New Workshop! Lighting 3 | Advanced Off Camera Flash

You are watching a free tutorial from HDR Photography Workshop.
To view the entire course, upgrade to Premium or purchase it in the SLR Lounge Store.

You are watching a free tutorial from HDR Photography Workshop.
To view the entire course, upgrade to Premium or purchase it in the SLR Lounge Store.


Before we continue on with tutorials discussing how to capture and produce HDR photographs, it is important to understand when to shoot an HDR bracketed sequence. In this HDR tutorial, we will discuss what types of scenes should be bracketed for HDR photograph production and other types of scenes that do not need to be bracketed.


As the term “HDR” denotes, this technique is meant for scenes that encompass a high dynamic range. These are scenes with a broader range between the maximum and minimum light intensities. However, in general, most scenes do not require a bracketed sequence because the dynamic range of the scene is narrow enough to capture within a single shot. With just that one single image you still have the option to process a single-shot HDR or process a standard image. Often times, there is no need to capture a bracketed sequence. To assess whether a particular scene needs to be bracketed, pay attention to the range of light and light intensities: variation in reflectivity, the direction of the sun within your image, and harsh shadows and highlights within your scene.

Let’s go through a few examples to explain this concept visually.


Here we have a shot of Bryce Canyon:


This is shot in the same direction of the sun around sunset. Because of this, virtually everything in our scene is roughly close to the same level of brightness. The highlights and the shadows don’t differ by many stops of light. Therefore, the entire dynamic range is encompassed in a single photograph. This scene has a limited dynamic range so creating a bracketed sequence wouldn’t make a difference in the image detail quality when processing the finished photograph.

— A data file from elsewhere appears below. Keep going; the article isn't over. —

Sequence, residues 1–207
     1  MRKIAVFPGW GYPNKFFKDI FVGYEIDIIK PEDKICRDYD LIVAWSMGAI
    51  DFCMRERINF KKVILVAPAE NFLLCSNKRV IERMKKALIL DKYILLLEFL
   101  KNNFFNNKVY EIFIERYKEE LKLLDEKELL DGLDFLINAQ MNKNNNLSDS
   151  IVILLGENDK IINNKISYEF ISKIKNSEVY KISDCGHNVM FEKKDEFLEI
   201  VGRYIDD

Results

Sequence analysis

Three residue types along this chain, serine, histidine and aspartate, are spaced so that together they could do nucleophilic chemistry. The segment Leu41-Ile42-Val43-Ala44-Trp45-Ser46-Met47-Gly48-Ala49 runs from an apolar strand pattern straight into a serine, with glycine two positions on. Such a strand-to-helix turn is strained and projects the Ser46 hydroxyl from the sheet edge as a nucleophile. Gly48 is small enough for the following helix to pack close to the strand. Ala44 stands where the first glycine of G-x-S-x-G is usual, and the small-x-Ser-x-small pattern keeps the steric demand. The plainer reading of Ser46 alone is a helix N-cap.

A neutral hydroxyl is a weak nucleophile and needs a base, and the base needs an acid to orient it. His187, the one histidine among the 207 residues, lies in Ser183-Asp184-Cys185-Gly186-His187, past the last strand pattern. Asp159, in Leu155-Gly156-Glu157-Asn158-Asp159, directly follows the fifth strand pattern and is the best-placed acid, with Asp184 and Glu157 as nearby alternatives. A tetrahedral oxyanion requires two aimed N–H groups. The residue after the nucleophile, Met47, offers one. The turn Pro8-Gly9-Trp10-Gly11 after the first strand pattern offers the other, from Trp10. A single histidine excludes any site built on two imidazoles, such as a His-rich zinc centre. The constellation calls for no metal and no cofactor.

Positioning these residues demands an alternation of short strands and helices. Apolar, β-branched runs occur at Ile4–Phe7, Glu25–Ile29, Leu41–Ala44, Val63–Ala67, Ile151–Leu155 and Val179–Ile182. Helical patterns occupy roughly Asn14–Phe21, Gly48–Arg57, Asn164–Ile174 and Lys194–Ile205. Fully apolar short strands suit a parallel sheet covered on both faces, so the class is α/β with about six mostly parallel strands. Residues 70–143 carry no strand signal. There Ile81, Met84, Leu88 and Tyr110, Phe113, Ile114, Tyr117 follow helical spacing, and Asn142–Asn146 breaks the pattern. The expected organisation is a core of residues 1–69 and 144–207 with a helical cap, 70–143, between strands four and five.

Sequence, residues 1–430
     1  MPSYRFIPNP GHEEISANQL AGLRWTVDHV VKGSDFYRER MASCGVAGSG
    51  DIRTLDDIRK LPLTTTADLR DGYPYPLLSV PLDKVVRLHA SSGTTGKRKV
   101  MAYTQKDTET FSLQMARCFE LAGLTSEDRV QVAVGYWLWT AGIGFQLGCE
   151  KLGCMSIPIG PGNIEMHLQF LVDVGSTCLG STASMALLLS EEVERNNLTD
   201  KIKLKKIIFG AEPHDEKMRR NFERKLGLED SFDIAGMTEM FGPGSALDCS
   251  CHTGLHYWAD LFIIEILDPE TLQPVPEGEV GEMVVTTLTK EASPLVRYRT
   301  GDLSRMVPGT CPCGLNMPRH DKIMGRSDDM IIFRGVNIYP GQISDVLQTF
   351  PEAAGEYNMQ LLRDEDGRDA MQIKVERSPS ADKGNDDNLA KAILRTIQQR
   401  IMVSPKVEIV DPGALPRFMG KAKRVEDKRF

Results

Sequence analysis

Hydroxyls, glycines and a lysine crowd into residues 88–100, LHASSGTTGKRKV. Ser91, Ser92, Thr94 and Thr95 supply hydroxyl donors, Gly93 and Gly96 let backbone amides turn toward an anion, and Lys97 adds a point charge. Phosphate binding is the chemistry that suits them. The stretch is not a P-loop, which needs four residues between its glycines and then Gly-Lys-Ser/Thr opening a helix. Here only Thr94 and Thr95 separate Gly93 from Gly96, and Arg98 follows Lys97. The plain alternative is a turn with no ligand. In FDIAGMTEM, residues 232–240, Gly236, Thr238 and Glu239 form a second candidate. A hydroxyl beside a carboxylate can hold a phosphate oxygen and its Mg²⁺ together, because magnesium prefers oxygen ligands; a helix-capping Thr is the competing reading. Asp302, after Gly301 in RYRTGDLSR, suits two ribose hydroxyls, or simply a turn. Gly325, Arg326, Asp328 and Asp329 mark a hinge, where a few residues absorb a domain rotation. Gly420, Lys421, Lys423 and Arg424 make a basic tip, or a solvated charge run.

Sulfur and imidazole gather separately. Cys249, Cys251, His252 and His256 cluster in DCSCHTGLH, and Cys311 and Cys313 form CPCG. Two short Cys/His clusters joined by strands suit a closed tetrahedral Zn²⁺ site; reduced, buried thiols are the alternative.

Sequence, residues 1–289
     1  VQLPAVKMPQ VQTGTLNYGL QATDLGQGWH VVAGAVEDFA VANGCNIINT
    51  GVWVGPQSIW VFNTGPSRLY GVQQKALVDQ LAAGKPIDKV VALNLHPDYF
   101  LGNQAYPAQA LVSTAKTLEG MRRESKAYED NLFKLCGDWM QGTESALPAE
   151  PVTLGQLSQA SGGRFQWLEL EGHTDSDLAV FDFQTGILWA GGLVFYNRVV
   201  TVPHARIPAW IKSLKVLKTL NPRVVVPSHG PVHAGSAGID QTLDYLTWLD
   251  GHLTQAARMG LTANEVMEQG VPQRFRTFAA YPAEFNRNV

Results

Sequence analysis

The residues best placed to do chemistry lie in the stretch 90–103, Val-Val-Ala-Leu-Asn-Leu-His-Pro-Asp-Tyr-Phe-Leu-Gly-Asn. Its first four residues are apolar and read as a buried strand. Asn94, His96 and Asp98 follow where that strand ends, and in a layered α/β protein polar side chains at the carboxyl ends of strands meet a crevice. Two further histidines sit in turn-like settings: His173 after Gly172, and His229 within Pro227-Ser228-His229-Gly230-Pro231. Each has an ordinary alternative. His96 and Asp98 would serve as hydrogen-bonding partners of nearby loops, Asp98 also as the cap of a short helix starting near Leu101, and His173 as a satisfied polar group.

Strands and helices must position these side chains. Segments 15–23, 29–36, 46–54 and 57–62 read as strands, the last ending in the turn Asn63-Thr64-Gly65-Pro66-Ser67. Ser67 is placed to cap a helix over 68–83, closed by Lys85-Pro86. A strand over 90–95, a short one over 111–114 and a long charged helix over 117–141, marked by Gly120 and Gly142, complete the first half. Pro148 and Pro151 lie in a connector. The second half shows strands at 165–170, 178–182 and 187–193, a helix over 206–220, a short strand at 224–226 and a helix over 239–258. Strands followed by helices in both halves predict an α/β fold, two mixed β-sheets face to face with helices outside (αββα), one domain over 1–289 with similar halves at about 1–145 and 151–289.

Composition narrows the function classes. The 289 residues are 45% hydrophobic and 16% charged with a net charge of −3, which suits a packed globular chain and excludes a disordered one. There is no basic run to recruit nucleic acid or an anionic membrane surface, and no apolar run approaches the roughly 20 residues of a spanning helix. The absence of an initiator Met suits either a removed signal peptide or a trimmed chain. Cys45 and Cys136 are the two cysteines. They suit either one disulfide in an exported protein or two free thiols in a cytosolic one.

The Histogram in Lightroom is also a great tool to use to show dynamic range in a photograph.

Let’s move on to another scene. Below we have the histogram from a particular image with a narrow dynamic range:


When looking at the histogram of this image, everything fits into well in to its relatively narrow dynamic range. Here is the image itself below:


As you can see, there is plenty of detail in the shadows and the highlights of this image. With a scene like this with a narrow dynamic range, the entire range can be picked up by capturing a single well-exposed image.


Shooting against the sunlight is a good time to bracket. Take a look at the image below:


For this particular scene, you are absolutely going to need to shoot a bracketed sequence. Since this is captured facing the sun, all of the foreground is in the shadows and the sky is blown out. We need to bring out some detail in the shadows by bringing up the exposure. At the same time, we need to bring down the exposure in the sky so the final photograph will show plenty of detail in that area as well.

We did a bracketed sequence of this scene and combined the images. See the image below of the finished product:



Just remember that you don’t always need to shoot bracketed sequences for your photographs. There are plenty of scenes that have a limited dynamic range to begin with so they do not need multiple exposures to capture a scene with a narrow dynamic range. In cases like these with a narrow range of light intensities, just one well-exposed image will contain all the detail you need. In addition, when you get to the post-production stage in your workflow, you still have more options for HDR processing that don’t require multiple shots. In the next article, we will discuss a technique that doesn’t require bracketing because it can be processed with a single shot.

Q&A Discussions

Please or register to post a comment.

HDR Photography Workshop